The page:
It was, above all, a frustrating season for Sussex; a summer to get their supporters to lean keenly forward in their seats in expectation, only to ultimately slump back in disappointment. Sussex performed well – in parts at least – in all three competitions, without putting together the consistency needed to progress beyond the group stages of the limited overs competitions or to achieve promotion from Division 2 of the Championship.
A point more would have been enough for a quarterfinal berth in both the One Day Cup and the T20 Blast, while Sussex’s 7 wins in the Championship were undermined by the 5 defeats. There was some bad luck, with the team’s last game in the One Day Cup being washed out when a win would have seen them through, but ultimately Sussex lost too many games across all formats.
Among the batting highlights were Luke Wells and Stiaan van Zyl both passing 1,000 runs in the Championship, while Chris Nash enjoyed an outstanding T20 Blast, scoring over 500 runs. Jofra Archer came to the fore with the ball, taking 61 Championship wickets, supported by Chris Jordan with 36.
Sussex’s overseas players were disappointing. Vernon Philander’s stay was blighted by injury, though he did contribute when he was able to play, while Ross Taylor had an awful T20 Blast, averaging below 20 despite being not out 3 times in 12 innings. Jerome Taylor also had a torrid time of it, averaging over 45 with the ball in the One Day Cup games he played.
Specsavers County Championship: 4th, Division Two
Natwest T20 Blast: 5th, South Group
Royal London One-Day Cup: 5th, South Group
SSCC: Luke Wells (1,292 runs)
T20 Blast: Chris Nash (520 runs)
One-Day Cup: Laurie Evans (289 runs)
SSCC: Jofra Archer (61 wickets)
T20 Blast: Chris Jordan (16 wickets)
One-Day Cup: David Wiese (11 wickets)
Player of the season:
While this could easily have gone to Jofra Archer, Luke Wells had an exceptional season in the First Class game scoring 1,292 runs, including 4 centuries and 4 fifties. His haul was particularly gratifying given that he faced a race to be fit for the season following knee surgery. The undoubted highlight was his 258 against Durham, his new First Class best, which included 32 off one over.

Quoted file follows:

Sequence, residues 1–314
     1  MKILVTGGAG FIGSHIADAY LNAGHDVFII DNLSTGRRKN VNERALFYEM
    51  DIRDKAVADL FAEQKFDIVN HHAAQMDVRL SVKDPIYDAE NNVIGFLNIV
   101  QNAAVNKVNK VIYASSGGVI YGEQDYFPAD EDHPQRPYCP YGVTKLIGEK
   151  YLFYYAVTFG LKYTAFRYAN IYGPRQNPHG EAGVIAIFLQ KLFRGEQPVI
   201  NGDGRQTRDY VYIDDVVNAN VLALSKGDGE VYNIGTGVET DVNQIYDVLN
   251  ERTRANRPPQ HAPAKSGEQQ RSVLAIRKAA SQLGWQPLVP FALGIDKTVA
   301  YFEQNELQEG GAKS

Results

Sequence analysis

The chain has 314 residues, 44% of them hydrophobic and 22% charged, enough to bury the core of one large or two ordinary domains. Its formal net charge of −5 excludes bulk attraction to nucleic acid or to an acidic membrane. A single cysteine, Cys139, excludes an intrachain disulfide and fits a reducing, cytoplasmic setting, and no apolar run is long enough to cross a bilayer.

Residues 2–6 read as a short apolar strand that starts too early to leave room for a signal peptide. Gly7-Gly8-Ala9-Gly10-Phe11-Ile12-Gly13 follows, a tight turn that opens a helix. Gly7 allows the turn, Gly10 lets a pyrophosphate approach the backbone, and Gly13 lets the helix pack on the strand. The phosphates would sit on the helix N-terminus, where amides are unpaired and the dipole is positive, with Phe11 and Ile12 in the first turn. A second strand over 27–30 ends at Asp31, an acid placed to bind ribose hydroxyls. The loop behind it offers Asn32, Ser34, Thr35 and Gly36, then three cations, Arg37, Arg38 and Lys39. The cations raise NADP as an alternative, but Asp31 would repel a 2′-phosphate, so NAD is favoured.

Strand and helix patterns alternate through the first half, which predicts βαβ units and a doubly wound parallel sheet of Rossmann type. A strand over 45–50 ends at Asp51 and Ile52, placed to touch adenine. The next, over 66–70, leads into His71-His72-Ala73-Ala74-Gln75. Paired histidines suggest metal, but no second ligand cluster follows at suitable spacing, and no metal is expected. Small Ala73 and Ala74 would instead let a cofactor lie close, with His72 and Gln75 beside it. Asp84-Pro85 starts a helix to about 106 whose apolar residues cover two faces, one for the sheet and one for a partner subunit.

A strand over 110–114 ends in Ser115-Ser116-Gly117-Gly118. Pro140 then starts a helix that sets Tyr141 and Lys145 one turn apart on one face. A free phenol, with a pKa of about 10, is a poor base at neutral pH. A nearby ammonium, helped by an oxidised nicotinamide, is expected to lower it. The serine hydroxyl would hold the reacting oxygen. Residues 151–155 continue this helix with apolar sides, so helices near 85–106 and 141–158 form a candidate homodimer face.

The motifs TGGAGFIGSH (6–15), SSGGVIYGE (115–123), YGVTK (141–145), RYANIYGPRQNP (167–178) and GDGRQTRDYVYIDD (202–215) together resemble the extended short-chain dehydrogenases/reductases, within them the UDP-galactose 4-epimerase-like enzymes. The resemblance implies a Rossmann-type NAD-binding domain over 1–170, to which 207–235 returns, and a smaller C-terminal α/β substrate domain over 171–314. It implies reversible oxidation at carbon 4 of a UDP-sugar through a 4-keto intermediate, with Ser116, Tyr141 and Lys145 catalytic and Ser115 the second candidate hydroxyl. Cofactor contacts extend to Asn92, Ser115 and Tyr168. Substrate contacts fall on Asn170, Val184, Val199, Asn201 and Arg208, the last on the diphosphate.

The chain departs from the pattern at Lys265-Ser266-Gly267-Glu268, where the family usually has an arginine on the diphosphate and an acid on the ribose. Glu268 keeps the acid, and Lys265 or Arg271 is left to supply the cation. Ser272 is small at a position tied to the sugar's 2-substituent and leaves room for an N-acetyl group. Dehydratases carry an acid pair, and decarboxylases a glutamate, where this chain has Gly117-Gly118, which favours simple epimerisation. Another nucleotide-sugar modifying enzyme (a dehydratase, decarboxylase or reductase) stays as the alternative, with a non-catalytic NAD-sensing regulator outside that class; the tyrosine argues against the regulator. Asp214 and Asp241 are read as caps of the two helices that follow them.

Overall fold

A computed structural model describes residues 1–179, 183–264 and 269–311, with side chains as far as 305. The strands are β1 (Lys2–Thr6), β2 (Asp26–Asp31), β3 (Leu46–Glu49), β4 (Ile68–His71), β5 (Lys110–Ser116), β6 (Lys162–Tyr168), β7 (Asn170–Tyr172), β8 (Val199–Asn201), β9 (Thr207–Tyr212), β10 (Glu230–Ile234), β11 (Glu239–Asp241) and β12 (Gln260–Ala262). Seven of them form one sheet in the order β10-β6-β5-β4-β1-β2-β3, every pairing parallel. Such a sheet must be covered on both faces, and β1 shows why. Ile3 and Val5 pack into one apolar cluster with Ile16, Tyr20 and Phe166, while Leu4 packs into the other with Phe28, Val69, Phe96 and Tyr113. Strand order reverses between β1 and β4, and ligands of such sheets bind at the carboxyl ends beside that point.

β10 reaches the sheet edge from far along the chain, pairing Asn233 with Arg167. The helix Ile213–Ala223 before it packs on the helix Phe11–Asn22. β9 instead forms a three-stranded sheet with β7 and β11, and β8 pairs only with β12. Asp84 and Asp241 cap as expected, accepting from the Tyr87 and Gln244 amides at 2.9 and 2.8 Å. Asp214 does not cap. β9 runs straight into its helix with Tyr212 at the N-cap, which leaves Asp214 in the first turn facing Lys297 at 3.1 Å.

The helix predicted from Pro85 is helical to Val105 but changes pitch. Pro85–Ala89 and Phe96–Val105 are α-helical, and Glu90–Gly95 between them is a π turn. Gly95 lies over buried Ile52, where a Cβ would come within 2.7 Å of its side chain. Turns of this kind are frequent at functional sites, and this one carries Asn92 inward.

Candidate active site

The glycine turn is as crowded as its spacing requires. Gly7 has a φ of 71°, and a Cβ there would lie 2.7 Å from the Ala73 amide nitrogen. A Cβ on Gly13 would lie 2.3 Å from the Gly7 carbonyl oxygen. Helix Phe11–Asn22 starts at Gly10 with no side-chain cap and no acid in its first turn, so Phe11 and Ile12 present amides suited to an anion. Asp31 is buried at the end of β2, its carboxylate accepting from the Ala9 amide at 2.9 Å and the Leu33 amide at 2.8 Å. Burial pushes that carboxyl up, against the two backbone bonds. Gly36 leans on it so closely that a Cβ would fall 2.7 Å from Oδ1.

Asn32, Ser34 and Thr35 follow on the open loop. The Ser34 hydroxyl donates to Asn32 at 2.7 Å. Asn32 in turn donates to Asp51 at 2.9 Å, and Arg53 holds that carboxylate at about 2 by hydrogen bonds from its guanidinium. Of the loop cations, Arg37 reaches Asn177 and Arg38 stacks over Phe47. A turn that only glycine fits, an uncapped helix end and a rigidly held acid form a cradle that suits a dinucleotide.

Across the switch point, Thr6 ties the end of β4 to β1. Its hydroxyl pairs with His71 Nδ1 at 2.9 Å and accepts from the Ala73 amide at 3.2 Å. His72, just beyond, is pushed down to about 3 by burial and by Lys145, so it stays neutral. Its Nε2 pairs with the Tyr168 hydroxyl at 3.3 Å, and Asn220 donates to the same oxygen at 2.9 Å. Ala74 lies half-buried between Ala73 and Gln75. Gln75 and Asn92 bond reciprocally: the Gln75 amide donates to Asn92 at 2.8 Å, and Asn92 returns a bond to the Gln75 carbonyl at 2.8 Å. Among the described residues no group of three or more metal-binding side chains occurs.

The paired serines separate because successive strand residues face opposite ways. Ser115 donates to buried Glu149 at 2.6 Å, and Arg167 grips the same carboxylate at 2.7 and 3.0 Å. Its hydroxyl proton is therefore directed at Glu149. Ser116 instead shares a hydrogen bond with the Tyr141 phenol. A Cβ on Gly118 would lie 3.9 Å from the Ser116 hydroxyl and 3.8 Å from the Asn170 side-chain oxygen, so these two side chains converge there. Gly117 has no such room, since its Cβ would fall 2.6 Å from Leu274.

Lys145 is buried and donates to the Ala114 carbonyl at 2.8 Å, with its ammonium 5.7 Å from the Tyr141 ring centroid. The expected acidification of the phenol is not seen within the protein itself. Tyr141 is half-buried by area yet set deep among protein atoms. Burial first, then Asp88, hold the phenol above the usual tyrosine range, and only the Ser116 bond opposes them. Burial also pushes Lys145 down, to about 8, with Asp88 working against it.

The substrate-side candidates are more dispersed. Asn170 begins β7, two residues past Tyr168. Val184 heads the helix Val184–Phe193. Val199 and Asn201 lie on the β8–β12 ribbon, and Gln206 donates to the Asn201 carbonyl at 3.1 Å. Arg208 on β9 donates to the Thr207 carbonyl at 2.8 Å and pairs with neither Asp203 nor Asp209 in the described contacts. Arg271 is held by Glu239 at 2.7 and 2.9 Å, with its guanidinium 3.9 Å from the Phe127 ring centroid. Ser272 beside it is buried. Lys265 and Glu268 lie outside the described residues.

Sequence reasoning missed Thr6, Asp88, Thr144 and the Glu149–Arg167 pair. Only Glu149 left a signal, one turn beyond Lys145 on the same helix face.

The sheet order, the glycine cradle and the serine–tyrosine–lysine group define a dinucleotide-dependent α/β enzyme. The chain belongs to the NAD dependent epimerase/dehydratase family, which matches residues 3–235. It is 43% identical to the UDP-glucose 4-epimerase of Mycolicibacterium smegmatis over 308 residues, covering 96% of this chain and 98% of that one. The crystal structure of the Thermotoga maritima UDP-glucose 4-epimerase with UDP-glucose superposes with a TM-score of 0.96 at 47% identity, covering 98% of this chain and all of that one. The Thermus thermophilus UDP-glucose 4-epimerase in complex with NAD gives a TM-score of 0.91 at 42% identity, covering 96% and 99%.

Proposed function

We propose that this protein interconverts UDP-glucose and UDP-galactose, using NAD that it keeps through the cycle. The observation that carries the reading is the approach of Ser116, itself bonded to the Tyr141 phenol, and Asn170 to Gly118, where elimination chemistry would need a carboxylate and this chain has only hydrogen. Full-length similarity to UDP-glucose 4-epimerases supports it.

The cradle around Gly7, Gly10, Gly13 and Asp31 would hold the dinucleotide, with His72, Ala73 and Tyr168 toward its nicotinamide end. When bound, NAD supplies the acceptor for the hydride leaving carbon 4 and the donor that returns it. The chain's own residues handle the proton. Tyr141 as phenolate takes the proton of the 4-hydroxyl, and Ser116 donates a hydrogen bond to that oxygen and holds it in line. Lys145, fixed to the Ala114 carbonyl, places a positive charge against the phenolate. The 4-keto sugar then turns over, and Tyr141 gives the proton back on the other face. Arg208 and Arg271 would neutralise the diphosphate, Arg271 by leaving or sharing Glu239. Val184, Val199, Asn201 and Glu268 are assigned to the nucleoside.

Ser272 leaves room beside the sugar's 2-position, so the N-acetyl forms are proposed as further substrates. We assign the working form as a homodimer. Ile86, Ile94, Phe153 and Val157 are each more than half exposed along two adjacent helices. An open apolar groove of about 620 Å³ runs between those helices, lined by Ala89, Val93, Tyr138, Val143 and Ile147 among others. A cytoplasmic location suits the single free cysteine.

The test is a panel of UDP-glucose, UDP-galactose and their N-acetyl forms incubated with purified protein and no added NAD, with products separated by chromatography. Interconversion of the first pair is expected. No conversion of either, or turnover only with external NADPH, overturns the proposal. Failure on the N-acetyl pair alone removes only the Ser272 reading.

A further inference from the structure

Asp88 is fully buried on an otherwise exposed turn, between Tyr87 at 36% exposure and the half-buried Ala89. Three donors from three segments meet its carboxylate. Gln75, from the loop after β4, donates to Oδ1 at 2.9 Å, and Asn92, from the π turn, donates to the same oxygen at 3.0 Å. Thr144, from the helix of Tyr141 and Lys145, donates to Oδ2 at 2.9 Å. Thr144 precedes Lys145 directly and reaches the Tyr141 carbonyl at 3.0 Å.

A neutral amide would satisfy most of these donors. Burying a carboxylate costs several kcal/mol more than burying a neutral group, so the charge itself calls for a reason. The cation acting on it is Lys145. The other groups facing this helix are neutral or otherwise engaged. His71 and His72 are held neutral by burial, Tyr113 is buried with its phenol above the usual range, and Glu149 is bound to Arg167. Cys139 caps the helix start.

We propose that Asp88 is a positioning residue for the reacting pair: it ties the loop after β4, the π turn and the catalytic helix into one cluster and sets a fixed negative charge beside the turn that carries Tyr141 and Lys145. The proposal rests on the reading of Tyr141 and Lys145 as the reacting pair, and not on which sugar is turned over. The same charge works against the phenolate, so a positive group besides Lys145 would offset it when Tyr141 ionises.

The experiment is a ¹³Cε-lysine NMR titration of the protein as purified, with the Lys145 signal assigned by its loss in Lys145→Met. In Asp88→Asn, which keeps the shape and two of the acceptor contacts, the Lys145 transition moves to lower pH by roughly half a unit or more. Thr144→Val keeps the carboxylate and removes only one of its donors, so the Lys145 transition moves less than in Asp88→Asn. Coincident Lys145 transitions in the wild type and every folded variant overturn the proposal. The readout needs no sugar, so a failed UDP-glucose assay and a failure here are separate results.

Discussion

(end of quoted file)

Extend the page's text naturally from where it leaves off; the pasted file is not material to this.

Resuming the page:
Wells’ growing standing within the team was also shown by him filling in as captain towards the end of the season and the fact he was offered a contract extension after the season ended. Another season like this, and given England’s current batting woes, it is perhaps not fanciful to suggest that he may follow his father Alan and become a Test cricketer.
While Jofra Archer had given notice of his talent last year, the 2017 season was the one where he imposed himself and become an automatic pick in all three formats. His pace and aggressive batting – he scored his runs at a strike rate of 144.83 in the One Day Cup -attracted attention whenever he played, and the numbers back up the fact he had an exceptional season.
He took 61 wickets in Division 2, the third most in the league, at an average of 25.30 and added 14 in the T20 Blast and 9 in the One Day Cup. He also scored 5 half centuries in the Championship and over 600 runs, demonstrating that he has potential to be a true all-rounder. Whether he tries to qualify for England, or decides to play for the West Indies, either team would be very lucky to have him.
Could have done better:
In some respects criticising Laurie Evans, in a season where he was the county’s leading run-scorer in the One Day Cup and third in the T20 Blast, may seem unfair. Particularly given his amazing innings against Kent in the One Day Cup where Sussex, chasing a score well in excess of 300, won thanks to his 134 not out off just 86 balls. There is no escaping Evans’ truly dreadful Championship season, however. Having moved to the South Coast in part due to play more First Class cricket, a return of 48 runs from 8 innings at an average of 6 was desperately disappointing for a player of his talent.
Need to work on:
Consistency. Sussex were unable to put enough results together to progress from either the Championship or to the quarterfinals of the limited overs competitions, despite some outstanding performances.
In the Championship Sussex all too often ended up with not enough runs, with only Stiaan van Zyl, Luke Wells and Jofra Archer averaging over 40 out of those who played more than 7 games. Chris Nash and Harry Finch both played over 10 Championship games as frontline batsmen and averaged under 30, while batsmen like Delray Rawlins and Laurie Evans were unable to take the opportunities they were given. This will need to be addressed if the team is to aim for promotion next season.
Sussex have the nucleus of a good team, but will need to improve if they are to avoid another solid but unspectacular season next year. Given the extremely limited impact of the overseas players this season, in part due to injury, Sussex should look to attract a player who will offer consistent performances across all three formats.
The lack of a premier spinner in Championship cricket will also need to be addressed, given the lack of opportunities that continue to be given to Will Beer and to Briggs’ poor returns in the format this season.
The batting also looks somewhat flaky, with Wells and van Zyl lacking support. The pace attack does look extremely strong, though, with Archer and Jordan leading it, and Robinson, Garton and Whittingham are all bowlers with significant potential, not forgetting Tymal Mills in the T20 Blast if he is fit.
A solid if unsatisfying season for Sussex: not too far off in the Championship, and close to progressing from their groups in the limited overs formats but fell short in each.